Poker is a card game in which players compete for the highest-valued hand. It’s a game of chance, but skill plays a large part in it as well. It is a game that requires a lot of attention to detail, including reading tells (non-verbal body language cues). It’s also a game in which you can improve your odds by learning the different strategies.

Each player puts in two mandatory bets called blinds before cards are dealt. These are put into a pot and help to create an incentive for people to play the game. Players then receive 2 cards face up. There is then a round of betting that starts with the person to the left of the dealer.

The highest-valued hand wins the pot. The winner earns a portion of the money bet into the pot by all players who call or raise the last bet. This is known as equalization.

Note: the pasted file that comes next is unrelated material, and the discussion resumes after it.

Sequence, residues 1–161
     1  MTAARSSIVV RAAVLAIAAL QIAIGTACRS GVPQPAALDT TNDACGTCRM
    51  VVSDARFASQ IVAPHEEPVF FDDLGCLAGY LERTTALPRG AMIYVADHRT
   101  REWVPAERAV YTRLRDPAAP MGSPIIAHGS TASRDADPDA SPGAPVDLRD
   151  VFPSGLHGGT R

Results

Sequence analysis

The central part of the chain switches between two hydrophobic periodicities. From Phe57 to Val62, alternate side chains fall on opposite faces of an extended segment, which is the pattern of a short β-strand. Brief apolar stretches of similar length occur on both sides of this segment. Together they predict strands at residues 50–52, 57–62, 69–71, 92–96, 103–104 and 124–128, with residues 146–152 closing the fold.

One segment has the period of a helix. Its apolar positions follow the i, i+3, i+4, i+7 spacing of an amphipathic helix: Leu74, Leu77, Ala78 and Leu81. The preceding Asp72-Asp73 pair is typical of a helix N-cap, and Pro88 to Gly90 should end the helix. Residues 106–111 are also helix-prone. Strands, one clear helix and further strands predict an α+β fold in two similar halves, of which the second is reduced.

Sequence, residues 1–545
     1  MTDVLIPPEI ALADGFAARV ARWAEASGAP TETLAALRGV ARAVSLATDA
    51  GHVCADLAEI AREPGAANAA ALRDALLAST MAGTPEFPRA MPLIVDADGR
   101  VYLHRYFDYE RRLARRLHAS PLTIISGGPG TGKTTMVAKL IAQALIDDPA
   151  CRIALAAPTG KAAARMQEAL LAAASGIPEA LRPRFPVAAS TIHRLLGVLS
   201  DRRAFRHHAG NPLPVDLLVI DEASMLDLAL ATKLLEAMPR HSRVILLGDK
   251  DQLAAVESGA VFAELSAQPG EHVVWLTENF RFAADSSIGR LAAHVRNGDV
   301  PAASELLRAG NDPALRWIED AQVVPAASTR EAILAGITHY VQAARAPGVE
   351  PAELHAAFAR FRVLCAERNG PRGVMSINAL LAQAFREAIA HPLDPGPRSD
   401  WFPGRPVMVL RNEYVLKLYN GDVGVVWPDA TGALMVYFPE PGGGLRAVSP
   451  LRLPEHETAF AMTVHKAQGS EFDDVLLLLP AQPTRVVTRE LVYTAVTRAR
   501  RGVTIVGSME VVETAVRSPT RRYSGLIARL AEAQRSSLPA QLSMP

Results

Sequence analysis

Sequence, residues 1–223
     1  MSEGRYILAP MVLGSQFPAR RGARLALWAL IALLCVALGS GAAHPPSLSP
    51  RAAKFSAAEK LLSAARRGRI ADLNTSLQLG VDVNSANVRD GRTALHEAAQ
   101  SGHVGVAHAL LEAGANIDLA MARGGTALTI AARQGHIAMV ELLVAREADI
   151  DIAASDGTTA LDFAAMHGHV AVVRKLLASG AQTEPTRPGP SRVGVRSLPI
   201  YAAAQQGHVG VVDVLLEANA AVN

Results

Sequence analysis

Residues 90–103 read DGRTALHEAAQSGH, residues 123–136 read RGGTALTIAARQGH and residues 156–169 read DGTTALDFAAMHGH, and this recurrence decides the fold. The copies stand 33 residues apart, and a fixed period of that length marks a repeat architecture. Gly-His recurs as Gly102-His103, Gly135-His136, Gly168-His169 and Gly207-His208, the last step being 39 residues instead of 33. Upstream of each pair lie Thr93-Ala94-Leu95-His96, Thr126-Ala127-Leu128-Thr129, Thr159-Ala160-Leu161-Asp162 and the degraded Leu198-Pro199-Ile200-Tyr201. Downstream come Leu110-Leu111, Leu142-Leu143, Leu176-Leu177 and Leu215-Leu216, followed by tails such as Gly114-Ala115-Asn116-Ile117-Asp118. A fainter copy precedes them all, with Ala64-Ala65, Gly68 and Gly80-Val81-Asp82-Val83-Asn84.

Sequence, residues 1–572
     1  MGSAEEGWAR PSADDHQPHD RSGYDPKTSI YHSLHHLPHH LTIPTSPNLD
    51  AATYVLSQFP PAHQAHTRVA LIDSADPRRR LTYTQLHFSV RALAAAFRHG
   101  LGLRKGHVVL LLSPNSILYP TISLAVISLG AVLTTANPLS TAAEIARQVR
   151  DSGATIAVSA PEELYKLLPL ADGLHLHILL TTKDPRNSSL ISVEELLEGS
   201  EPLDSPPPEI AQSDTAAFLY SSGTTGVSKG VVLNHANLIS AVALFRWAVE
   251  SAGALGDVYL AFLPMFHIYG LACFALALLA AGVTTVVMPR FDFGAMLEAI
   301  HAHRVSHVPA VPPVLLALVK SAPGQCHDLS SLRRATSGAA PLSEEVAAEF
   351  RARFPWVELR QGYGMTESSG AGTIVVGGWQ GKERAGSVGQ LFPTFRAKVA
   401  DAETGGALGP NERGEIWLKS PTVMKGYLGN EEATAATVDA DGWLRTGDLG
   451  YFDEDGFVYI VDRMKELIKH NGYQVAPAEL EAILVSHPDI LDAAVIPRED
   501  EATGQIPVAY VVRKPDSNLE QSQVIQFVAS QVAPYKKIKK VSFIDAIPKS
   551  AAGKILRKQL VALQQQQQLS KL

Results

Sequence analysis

You deal yourself a pair of kings off the flop. You can either raise or check, which means you’ll put twenty cents into the pot. Alex checks, Charley calls and Dennis raises. This is an example of a high-low strategy, which forces weaker hands to fold and allows stronger ones to build a big pot.

The best way to become a good poker player is to watch experienced players play. Studying their behavior helps you develop instincts that make you a faster, better poker player. This can include reading their body language, which reveals information about their hands. It’s also important to observe their betting patterns and how they react to other players’ bets.